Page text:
Close Shut the Jaws of... Well, You Know...

It may not have been the launch RPG that PS3 owners were hoping for, but Bethesda's PlayStation 3 mega-epic is anything but outdated. We go hands-on with an early build and report back with how things are coming along.
Author: Sam Bishop
Published: February 7, 2007
It never freakin' fails. Every five or so years, when a new hardware cycle starts, the fanboys come crawling out of the woodwork, slavering jaws just waiting to devour any scrap of info that would give "their" system the edge in the Great Console War that nobody beyond the hardcore really gives a crap about. Well here, superfans, here's one for you: the PlayStation 3 version of The Elder Scrolls IV: Oblivion looks better than the Xbox 360 version.

But then it damn well better considering it's finally going to hit almost a full year after it originally landed on the PC and 360. In that time, a single expansion, Knights of the Nine was added, and that will, thankfully be included in the PS3 version (though the upcoming - and far bigger - expansion, Shivering Isles, won't be). Knights actually balances things out, allowing you to play goodie-goodie with a new faction, complete with side quests and an end result that reshapes part of the world (or at least how fellow goodie-two-shoes in it see you). It should be noted that all of the content packs that were offered up as downloadable goodies in the 360/PC versions will also be included.

Given that it has been a full year between console versions of the game, and considering the splash that Oblivion made in general when it was first released, it's hard to imagine those interested in the game haven't yet given in and just bought one of the existing versions, but for those of us who were faithful, we'll find the game is, well, Oblivion. What begins with an assassination and a secret heir to the throne quickly expands into a world-traipsing exploration of what can best be described as the closest thing to an offline massively multiplayer online role-playing games as exists out there.

We'll reserve full details of the storyline for the review, but for a game still comfortable on the PC with a 108 possible buttons to map to things, the controls work wonderfully on the PS3. The eight directions on the d-pad are reserved for hotkeyed items/spells/weapons you want quick access to. By simply holding it down for about a second, you can slide your thumb around and highlight the item without pulling out of the game. Should you need to pop into the menu to equip new weapons or armor, or use items, you can do so with a press of the Circle Button. Tapping X whenever you've got an interactive object centered in the crosshairs lets you open, trigger or search said object, and Triangle lets you hop around the levels. Though we never really needed it, pressing Square let us sheath or ready our main weapon.

This is familiar stuff to folks that played the 360 game; the controls essentially map 1:1 thanks to the similar layouts, so things like swinging a sword and blocking with R1 and L1, or casting a spell with R2 are identical to the 360 cousin. Even clicking the right analog stick will switch things between first- and third-person perspectives (though the latter is still really just there so you have something to look at (the ever-useful crosshairs don't appear). Again, this is the same as the 360 version, but it's nice to know those consumed with the need to play through the game again won't have any trouble relearning the controls.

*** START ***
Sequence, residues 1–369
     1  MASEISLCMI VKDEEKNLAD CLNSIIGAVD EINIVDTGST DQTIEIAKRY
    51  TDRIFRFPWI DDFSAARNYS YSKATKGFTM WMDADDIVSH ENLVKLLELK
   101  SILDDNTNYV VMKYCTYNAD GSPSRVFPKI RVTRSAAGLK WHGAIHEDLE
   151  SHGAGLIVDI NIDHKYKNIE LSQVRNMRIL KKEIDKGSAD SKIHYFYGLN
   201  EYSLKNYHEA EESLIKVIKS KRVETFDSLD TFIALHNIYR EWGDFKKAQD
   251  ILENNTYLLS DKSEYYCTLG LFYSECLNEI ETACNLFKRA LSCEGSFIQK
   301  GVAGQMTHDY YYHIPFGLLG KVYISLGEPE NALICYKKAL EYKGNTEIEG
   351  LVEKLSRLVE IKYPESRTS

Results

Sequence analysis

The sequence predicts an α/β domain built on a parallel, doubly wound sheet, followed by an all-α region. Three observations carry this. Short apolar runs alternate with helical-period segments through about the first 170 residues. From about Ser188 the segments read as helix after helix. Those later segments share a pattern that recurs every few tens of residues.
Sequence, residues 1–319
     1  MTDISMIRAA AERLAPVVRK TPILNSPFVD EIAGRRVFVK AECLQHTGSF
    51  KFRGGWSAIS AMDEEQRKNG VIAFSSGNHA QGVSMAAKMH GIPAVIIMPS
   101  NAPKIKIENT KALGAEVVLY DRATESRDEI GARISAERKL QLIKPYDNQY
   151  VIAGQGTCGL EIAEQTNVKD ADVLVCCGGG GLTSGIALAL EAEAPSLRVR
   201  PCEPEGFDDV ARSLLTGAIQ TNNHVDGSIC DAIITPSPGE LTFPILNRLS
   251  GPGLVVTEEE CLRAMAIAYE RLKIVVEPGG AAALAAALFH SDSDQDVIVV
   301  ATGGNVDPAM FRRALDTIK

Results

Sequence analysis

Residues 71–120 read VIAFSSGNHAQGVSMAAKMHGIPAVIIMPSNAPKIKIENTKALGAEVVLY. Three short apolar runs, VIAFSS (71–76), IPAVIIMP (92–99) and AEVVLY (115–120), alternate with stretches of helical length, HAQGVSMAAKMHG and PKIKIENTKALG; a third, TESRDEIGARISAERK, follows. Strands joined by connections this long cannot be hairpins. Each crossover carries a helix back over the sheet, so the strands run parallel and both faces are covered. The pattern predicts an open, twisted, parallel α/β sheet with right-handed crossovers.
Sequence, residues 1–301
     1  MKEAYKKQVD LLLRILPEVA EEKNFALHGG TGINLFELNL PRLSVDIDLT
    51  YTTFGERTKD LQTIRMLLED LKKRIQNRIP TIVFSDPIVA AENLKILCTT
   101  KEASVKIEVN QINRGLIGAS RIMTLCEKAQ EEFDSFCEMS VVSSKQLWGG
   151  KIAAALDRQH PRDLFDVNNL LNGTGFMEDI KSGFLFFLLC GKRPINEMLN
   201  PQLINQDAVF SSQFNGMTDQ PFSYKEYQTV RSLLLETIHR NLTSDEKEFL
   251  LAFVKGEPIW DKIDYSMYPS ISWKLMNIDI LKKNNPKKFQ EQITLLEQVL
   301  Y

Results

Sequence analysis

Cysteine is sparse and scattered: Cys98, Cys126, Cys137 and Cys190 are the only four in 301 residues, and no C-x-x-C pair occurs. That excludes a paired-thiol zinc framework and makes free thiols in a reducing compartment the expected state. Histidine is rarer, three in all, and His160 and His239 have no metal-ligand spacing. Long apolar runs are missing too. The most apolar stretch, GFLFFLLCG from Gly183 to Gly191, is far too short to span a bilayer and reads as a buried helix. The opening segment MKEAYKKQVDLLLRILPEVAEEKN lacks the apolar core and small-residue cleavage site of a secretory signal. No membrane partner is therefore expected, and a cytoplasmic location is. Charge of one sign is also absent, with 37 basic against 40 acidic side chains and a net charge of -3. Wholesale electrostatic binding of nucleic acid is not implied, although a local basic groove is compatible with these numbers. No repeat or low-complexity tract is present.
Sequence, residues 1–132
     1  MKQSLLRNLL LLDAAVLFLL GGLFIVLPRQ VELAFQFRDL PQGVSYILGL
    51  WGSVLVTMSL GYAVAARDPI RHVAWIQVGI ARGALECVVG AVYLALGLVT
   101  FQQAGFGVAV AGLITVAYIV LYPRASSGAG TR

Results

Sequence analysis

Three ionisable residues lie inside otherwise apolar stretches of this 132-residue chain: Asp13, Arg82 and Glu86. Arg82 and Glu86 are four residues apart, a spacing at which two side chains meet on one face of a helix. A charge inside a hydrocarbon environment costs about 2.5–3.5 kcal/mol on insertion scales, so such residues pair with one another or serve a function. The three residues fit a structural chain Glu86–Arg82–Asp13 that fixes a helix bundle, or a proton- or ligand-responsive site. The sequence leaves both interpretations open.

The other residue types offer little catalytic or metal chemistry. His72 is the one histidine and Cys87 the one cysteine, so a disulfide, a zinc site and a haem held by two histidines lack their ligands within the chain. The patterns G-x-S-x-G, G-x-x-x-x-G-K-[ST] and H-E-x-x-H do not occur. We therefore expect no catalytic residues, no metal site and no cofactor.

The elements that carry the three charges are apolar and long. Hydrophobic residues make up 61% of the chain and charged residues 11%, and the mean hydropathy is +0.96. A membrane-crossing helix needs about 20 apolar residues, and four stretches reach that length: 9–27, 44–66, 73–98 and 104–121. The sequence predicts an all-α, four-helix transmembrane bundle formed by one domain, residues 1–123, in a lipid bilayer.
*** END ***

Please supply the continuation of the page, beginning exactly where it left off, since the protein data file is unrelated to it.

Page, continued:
As mentioned before, the only real difference between the Knights of the Nine-updated 360 version and the PS3 one is in the visuals, and even then it's minimal. Bethesda used the extra time between the original launch date and the now-final early March one to learn the basics of the joyously complex Cell architecture, and despite what some have said about the PS3, they certainly seem to have things down quite nicely. The framerate and draw distance are improved, thanks to HDMI, things are a little cleaner and sharper and, in a nice little PS3-only extra, the RSX's pixel shaders were flexed to kill the decidedly obvious point out in the distance where the textures switched from higher detail to low-res mottled messes. This means far-off details like mountains or even semi-nearby hills now transition smoothly, helping strengthen the immersion. Things like texture detail itself weren't bumped up, but then the game still looks plenty good almost a year after the original release. Bethesda is promising the months and a half or so before the game comes out will continue to improve the visuals.

We actually voluntarily skipped out on experiencing the original release because nobody wants to play through another 100 hours or so of a game if they've done it once (well, not unless they're psycho Disgaea fans). This of course means that in just a few more weeks, we're going to be spazzing out on how awesome the game world is. Should you happen to be one of the few folks that didn't yet play the game, we're guessing you're going to be spazzing out right along with us.

We'll have the full review next month, but for now enjoy these honest-to-goodness PS3 screens to your left.